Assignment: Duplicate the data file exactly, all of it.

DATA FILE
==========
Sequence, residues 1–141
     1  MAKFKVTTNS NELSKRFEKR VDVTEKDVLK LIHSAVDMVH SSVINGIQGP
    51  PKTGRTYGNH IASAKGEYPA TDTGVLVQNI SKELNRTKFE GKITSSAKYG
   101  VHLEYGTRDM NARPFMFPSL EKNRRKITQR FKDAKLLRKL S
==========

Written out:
Sequence, residues 1–141
     1  MAKFKVTTNS NELSKRFEKR VDVTEKDVLK LIHSAVDMVH SSVINGIQGP
    51  PKTGRTYGNH IASAKGEYPA TDTGVLVQNI SKELNRTKFE GKITSSAKYG
   101  VHLEYGTRDM NARPFMFPSL EKNRRKITQR FKDAKLLRKL S